Vulgar language has no place in your marketing

There are 2 writers I admire deeply who litter their prose with foul language. One is the great James Kelman; if you don’t understand Glaswegian dialect, don’t even bother reading, but trust me, he’s brilliant.  The other is a well known blogger who shall remain nameless because I do not want this to be a defense/attack on said blogger.  As I stated, I admire them; they, however, are the singular exception I make for accepting vulgarity in online writing.

I swear a lot in real life; the honest-to-God truth is that my father was a truck driver.  And I spent more than a decade in the carpet industry, where to swear was to speak.  I am not offended in the slightest by cursing in everyday language.  James Kelman’s use of cursing lends a gritty realism that is necessary for his subject matter. The blogger I admire often shocks the reader with their color.  I understand the reason both utilize vulgarity, but before you do, think long and hard.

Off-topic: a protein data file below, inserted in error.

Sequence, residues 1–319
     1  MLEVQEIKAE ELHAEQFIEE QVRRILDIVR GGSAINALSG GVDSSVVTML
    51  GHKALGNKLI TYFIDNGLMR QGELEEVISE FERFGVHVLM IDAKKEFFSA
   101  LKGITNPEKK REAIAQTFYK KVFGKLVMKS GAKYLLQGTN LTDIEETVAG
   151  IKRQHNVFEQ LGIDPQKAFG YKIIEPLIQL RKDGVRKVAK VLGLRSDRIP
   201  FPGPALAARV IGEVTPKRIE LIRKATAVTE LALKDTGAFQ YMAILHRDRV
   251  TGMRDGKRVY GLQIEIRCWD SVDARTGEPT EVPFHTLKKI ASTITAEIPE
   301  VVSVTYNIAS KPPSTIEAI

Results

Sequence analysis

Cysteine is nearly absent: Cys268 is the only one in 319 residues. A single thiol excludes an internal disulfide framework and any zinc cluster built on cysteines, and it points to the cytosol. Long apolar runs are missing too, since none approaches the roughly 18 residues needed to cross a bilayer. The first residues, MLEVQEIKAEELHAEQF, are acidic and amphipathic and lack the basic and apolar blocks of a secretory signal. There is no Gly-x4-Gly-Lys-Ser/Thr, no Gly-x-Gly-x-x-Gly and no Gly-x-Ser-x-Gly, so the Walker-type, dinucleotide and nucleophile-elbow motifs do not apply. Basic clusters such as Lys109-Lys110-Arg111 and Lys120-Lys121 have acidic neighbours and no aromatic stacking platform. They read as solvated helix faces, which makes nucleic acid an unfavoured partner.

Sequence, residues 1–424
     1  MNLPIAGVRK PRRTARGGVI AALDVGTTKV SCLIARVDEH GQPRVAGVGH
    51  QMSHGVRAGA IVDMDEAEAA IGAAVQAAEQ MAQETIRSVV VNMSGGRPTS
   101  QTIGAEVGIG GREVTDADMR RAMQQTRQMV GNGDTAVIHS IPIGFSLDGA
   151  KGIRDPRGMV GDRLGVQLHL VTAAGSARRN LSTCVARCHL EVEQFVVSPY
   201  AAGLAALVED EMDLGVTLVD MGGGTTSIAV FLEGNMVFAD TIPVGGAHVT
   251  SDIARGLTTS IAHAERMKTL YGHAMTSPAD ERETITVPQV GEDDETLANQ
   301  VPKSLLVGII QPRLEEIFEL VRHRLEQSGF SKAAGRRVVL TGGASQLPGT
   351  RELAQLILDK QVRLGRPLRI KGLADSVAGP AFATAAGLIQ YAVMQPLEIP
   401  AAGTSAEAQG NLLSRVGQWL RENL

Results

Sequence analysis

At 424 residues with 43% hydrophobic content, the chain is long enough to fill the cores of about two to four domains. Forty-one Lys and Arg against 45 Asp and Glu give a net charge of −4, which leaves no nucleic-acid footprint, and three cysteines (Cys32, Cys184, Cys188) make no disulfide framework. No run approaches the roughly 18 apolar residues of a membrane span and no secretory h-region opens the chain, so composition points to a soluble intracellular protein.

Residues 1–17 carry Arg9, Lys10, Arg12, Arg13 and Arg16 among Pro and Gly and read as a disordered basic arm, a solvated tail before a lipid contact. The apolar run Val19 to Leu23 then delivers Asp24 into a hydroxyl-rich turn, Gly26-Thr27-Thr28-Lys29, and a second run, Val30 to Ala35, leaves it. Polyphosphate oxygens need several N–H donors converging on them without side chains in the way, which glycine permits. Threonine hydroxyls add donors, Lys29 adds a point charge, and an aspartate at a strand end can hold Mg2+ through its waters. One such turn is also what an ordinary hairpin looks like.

Here are two reasons I strongly advocate that you refrain from cursing in your blog or marketing materials:

  1. The digital world is anything but private; simply ask Randi Zuckerberg or the Storify Co-Founder who is having his online lunch handed to him for the recently discovered practice of publishing private Facebook posts.  Do you want future clients and/or employers coming across your crassness?
  2. The written curse word usually comes across as lazy and unimaginative.

This image of the incredible Maggie Smith was floating around Facebook this week:

Vulgarity has no place in marketing

 

Violet is, as always, correct.

Cursing is not clever or witty, and it doesn’t make your brand hip or cool.  Your marketing language needs to communicate your message clearly, tell the reader how you will benefit them, pull their heartstrings, or whatever the goal of your campaign is.  Great copywriters can use language to communicate and stir emotions; they do not have to rely upon vulgarity to do so.

The chance that you will offend using crass language is so much greater than anything positive that may come of it… even in your conversational and relaxed blog space.